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I’m amazed the RN hasn’t apparently considered any of the helicopter UAV’s currently available to carry a Crowsnest, given the need for round the clock availability in conflict zones.


I’m not sure any of the current systems would be able to lift the Crowsnest for the necessary time. Plus any UAV would need a complete and separate support system on the carrier.


The C version of the Fire Scout would probably be capable of lifting Crowsnest.


I am a believer in fixed wing flight, mechanically its more efficient. The mistake was not to fit traps on the carriers. That said Crowsnest should be made fully automated and trial fitted in a drone. The weight saving on crewless aircraft is significant and is rewarded by greatly increased range, endurance and altitude performance. What would Crowsnest weigh in automated form?


USMC are looking at the Bell V-247 for AEW as they can’t launch E-2D off their small carriers. Planned missions include loitering for 12 hours at 100 miles from the carrier. Looks like a good project for the RN to get involved with.


Its very troubling that we have stood still and let others develop this technology. I totally agree that defending the littoral generally including Portsmouth, Gibraltar, Falklands, Middle East and Clyde areas should be an absolute priority otherwise we will likely see a hostile pre-emptive strike on key assets by any potential power. We were caught on the hop by the magnetic mine in 1939 and the Italian charioteers, etc in the Med from 1941 where they immobilised the Old QE and Valiant. It does worry one that the Naval Staff still have trouble thinking outside the box.
What would Nelson Do?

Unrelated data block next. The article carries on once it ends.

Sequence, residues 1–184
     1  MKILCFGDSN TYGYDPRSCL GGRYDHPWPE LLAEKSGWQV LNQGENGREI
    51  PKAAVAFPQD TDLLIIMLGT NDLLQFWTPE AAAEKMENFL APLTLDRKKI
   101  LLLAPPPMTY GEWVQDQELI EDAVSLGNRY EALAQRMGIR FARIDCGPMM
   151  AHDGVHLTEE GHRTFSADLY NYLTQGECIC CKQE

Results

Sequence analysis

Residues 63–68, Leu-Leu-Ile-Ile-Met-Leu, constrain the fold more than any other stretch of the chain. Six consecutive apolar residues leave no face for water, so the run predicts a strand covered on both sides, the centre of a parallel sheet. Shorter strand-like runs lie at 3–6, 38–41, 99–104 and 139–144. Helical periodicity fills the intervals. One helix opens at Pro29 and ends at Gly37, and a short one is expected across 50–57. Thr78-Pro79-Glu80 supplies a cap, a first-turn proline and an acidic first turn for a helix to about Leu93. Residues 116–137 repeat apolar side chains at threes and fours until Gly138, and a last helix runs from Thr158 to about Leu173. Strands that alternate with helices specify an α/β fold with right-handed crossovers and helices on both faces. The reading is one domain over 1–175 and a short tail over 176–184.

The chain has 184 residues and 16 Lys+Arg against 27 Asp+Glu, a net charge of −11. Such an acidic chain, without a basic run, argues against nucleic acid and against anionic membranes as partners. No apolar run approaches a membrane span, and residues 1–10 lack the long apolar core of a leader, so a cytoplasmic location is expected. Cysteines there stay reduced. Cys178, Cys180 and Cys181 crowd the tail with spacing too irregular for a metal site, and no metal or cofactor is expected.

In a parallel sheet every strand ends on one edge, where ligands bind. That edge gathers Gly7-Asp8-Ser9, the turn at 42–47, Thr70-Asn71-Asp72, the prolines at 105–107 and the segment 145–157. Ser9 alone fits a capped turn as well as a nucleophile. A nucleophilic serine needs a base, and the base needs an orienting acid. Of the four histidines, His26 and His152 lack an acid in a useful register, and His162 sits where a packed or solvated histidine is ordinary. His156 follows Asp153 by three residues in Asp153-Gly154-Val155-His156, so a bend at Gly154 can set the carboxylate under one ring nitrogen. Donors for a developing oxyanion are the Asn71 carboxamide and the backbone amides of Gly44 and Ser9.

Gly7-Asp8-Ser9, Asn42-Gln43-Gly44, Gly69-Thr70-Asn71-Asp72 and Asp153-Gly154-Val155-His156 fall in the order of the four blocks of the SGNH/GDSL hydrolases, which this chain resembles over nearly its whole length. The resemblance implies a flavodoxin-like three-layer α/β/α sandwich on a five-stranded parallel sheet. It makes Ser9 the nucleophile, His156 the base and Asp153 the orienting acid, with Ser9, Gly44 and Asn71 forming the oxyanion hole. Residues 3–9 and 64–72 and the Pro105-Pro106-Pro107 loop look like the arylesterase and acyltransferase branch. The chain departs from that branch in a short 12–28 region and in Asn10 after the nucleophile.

What we need to think about most of all is what our enemies might do.IEDs should not have come as a surprise, our enemies are not stupid (the Taliban actually are stupid, but their are not THAT stupid)


Good article, un-manned is the future, land, sea and air, it is vital we have a lead in this area.


Lead?Are you crazy, the RN rented a very small UAV for a couple of years and I’m not aware that they even have a toy quadcopter at the moment.


I’m not sure Stephen was necessarily claiming that we have a lead now but that we should aspire to have one in the future. The UK industrial base has a lot of strengths in stuff like control software, AI, satellites (needing compact robust systems), aerospace/automotive including F1 racing (again, lightweight, aerodynamic and engine efficiency etc). We have many of the critical building blocks to create some great long-term indigenous solutions. Thinks like T31e are on the table partly for, at least in the government’s eyes, export potential. I really think that the combination of potential worldwide export sales plus existing UK industrial strengths, not to mention the extra capability they would add to RN vessels, make the 200kg – 300kg UAV market something that the UK should really look to get into.


Mission bays “could” add to the frigates capabilities.The money is already overcommitted.Tiny international pariah Isreal owns the UK UAV market,industrial and strategic suicide.


It’s the inexorable conclusion that the downvoters don’t like.


Oh look someone agrees with me!

Captain Nemo

I’m quite enthusiastic about the Bell V-247, I think they would round out the air wing on a carrier quite well, potentially providing AEW, air to air refueling, resupply, ISTAR and close support over a beachhead. I guess if we could teach it to dip a sonar we could leave that to them too.
“It is named the V-247 by the company because it is planned that a two-aircraft team can provide 24/7 intelligence, surveillance and reconnaissance (ISR) over a given area”.
If true, that would be a huge leap forward for us.
Does anyone know why the Royal Navy didn’t take to Scan Eagle, it would have been nice if they’d persisted with it. I think it was someone on this forum who pointed out what a good teammate it would be for a five inch gun; absolute bargain prices too, I’d have thought it would have been right up our street.
Informative article as always, many thanks.

“Success tomorrow depends on disruption today”
They never thought of just locking the twitter defence community in a room full of beer?


If the defence budget is x% of GDP, are resources going to be unavailable if GDP diminishes?
All defence initiatives seem to assume a fixed environment which is far from realistic.